Australian letters

30 September 2017

9:00 AM

30 September 2017

9:00 AM

More please

Sir: What a great pleasure it was for me as a hybrid New Zealand / Australian to read Mr Tom Frewen’s piece: Kiwi Notes: Rugby, Aliens, Strippers and Dummies. He has a wonderful light touch when dealing with the continuing vicissitudes of rugby players who, in this country, are held up as role models for young people.

More please Mr Frewen.
Jane Perry
Wellington, New Zealand

Lights off

Sir: While I agree with your editorial on energy (Spectator 16 September), one more point is worth making. Electricity prices in eastern Australia are set by the National Energy Market (NEM), which offers rising prices until the market clears at the highest accepted bid. Such bids normally cover the marginal costs for most of the time, which is not enough to service capital. Generators therefore rely on infrequent periods of tight supply and high prices to recover their cost of capital and other fixed costs – by definition a risky approach.

In this highly volatile market prices have ranged from $14,000/MWh to negative $A15/MWh. Also there is no entity of substance responsible for “keeping the lights on”: it is left to the market. The nature of the NEM, combined with government subsidies to providers of renewable energy, has driven an investment boom in intermittent renewable technologies with no commensurate deployment of technologies to offset their impact on system reliability.

The result is that traditional, reliable coal and gas power stations are being closed. Unless this situation is reversed – or there is a great breakthrough in battery technology – increased reliance on unreliable renewables means that some time in future eastern Australia will face a power catastrophe.
Trevor Sykes
Double Bay, NSW

Fight and fight again

Sir: In her Florence speech, Theresa May yet again declared that: ‘No deal is better than a bad deal.’ Yet in his piece ‘Brexit Wars’ (23 September), James Forsyth claims that minimal planning is being made for a ‘no deal’ under WTO rules. If true, this is insulting to the electorate as it means that the Prime Minister is being neither serious nor truthful. It is inexcusable for our civil service not to prepare for an event that is a clear possibility when it would be catastrophic if we had no plan. Couldn’t the 80 MPs in the Tory Research Group start preparing for a WTO deal? They could liaise with Eurosceptic groups plus friendly economists and other experts, to produce a viable exit plan. I am sure Leavers would donate money to employ the necessary specialists to produce reports.

Now that May has delayed Brexit in all but name, I see the EU making ever more outrageous demands as the Remain camp gleefully applaud. The Leave campaign must be reinstated to fight again.
Gill Chant
Handsworth, Birmingham

Class war

Sir: Toby Young’s article (‘The mystery of socialism’s enduring appeal’, 23 September) raises some interesting explanations for the phenomenon of socialism’s enduring appeal. But strangely, he has missed one of the most glaring: that the underlying reason lies within our education system.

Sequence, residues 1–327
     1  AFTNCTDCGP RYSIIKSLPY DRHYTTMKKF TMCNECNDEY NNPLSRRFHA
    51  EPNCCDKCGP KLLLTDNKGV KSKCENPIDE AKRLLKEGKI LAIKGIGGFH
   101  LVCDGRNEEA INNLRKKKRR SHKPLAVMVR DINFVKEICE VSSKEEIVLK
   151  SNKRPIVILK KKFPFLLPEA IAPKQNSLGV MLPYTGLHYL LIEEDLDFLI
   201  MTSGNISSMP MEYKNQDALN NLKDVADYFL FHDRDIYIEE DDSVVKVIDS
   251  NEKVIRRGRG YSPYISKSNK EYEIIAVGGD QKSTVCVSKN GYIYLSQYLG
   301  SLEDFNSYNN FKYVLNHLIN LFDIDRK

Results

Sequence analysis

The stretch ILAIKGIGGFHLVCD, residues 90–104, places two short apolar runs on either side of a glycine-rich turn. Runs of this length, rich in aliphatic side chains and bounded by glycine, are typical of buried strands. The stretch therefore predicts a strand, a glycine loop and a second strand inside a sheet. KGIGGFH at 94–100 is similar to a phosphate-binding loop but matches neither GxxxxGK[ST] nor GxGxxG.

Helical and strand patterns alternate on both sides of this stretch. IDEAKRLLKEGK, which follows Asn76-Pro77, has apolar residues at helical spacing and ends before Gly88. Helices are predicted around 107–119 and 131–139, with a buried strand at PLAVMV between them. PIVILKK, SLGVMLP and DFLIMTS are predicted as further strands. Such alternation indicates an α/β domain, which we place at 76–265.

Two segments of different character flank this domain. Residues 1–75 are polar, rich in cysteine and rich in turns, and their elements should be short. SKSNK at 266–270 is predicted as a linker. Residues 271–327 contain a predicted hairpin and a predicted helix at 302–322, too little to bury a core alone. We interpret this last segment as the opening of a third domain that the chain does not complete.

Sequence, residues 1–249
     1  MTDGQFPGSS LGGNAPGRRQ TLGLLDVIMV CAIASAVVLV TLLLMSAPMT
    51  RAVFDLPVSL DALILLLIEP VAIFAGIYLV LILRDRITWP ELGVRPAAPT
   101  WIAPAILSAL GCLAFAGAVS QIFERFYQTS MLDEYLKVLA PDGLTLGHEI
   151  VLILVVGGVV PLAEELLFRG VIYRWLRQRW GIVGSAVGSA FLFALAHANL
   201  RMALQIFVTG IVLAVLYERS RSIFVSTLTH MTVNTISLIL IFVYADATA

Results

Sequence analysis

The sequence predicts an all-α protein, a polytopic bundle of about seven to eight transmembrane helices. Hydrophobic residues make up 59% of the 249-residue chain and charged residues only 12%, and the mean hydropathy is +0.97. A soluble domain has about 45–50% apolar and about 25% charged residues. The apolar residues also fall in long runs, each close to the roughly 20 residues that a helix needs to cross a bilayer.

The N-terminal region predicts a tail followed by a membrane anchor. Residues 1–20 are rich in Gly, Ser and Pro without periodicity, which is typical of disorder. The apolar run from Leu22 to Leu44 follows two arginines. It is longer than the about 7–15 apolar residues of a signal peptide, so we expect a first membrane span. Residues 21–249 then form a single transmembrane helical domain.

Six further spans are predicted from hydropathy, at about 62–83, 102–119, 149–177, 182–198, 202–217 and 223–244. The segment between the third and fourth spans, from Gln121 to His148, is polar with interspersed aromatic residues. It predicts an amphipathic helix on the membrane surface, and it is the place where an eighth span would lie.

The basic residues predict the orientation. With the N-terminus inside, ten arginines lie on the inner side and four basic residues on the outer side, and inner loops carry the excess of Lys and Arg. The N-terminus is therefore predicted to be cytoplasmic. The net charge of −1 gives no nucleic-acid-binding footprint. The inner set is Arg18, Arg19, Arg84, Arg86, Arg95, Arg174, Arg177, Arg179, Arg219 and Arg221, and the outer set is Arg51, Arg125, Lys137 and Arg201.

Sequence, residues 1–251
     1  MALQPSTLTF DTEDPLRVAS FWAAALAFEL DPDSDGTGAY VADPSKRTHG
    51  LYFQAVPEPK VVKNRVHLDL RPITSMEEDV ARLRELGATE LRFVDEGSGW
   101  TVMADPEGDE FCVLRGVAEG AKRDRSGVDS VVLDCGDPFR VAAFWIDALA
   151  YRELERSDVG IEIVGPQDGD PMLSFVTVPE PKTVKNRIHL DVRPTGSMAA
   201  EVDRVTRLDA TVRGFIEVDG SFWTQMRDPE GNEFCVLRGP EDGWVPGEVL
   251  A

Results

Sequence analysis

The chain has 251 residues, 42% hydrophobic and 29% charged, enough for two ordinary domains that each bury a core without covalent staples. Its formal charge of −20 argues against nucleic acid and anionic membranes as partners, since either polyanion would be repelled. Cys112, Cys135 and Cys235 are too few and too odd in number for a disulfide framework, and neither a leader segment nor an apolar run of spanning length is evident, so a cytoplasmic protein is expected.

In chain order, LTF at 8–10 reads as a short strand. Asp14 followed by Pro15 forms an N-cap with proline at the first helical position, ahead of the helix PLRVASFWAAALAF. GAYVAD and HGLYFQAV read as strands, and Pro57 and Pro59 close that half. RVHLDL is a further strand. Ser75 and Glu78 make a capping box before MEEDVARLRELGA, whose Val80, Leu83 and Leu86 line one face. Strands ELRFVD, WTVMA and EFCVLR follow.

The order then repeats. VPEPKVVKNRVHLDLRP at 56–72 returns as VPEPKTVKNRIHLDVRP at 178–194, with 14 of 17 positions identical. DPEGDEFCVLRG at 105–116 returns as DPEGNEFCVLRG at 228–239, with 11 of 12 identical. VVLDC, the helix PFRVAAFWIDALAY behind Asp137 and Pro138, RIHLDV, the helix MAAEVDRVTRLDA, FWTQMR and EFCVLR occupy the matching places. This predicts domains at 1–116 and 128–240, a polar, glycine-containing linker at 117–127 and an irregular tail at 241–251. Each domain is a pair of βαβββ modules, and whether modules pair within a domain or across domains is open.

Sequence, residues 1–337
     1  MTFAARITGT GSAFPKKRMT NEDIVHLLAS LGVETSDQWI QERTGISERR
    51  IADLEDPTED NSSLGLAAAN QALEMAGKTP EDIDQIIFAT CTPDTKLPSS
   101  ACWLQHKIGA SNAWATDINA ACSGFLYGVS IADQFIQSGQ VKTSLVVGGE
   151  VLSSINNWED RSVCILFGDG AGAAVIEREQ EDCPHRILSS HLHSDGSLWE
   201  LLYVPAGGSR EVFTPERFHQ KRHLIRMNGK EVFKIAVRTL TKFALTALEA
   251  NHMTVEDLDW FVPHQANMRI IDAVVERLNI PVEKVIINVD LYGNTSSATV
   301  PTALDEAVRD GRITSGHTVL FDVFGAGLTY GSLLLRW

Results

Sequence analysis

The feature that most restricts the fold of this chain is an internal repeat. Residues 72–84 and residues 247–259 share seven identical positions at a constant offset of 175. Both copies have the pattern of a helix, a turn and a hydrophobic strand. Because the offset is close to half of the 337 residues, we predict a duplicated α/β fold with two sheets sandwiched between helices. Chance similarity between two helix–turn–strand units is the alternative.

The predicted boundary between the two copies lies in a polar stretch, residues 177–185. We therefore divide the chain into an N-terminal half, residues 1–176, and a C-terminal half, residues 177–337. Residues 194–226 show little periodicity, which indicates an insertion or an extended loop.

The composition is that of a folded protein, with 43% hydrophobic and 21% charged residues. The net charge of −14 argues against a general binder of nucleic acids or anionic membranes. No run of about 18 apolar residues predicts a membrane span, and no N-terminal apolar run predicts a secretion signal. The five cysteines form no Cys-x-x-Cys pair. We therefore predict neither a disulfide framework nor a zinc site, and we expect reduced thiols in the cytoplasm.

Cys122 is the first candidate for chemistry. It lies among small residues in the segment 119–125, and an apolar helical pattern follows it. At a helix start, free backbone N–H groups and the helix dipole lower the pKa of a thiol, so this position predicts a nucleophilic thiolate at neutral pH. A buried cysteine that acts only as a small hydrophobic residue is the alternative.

From the mid-1960s onwards, the majority of our children have been educated by an increasingly left-wing cohort of teachers who are more interested in the espousal of ‘equality’ than delivering well-rounded individuals into the world.

Toby is right to suggest that the left are better educated than the right, but educated in what? The young are easy targets for educational propaganda, which has made an immense contribution to the malaise we are suffering. And the more or ‘better’ you have been educated, the more you will have felt the influence of this heavily left-wing education bias.

Unless this problem is confronted and some balance re-introduced, the future of the capitalist state looks bleak.
Bob Holder
Folkestone, Kent

Capital fellow

Sir: Toby Young’s article gives rise to reflection. I am no apologist for Jeremy Corbyn — at best, I can accept that his intentions are good. But my socialist friends indeed do see capitalism as a way of ‘stealing’ from the poor and have difficulty in accepting the wealth creation aspect of it.

They have a point. The so-called financial industry creates no primary wealth and often seeks to cream off as much as possible for a greedy minority. Thatcher’s rush to privatise the nationalised industries did not create anything better than, for example, the Central Electricity Generating Board. Today we must go cap in hand to the French or Chinese to get a decent nuclear power station — at an astronomical cost.

I did an engineering apprenticeship with AEI, later taken over by GEC, run by Arnold Weinstock. He was a modest man and ran his company as a model of capitalism: solid management, good labour relations and true wealth creation. We cannot bring Weinstock back but, if we want capitalism to succeed, I wish we could.
Nick O’Hear
Schoonhoven, The Netherlands

True Norse

Sir: The age of King Cnut was certainly a high-water mark for Norse influence in these islands (‘Demonised by history’, 23 September), but Thomas W. Hodgkinson is quite wrong to call Cnut a ruler of Britain. His realm on this side of the North Sea comprised England alone.
David Sanders
London N16

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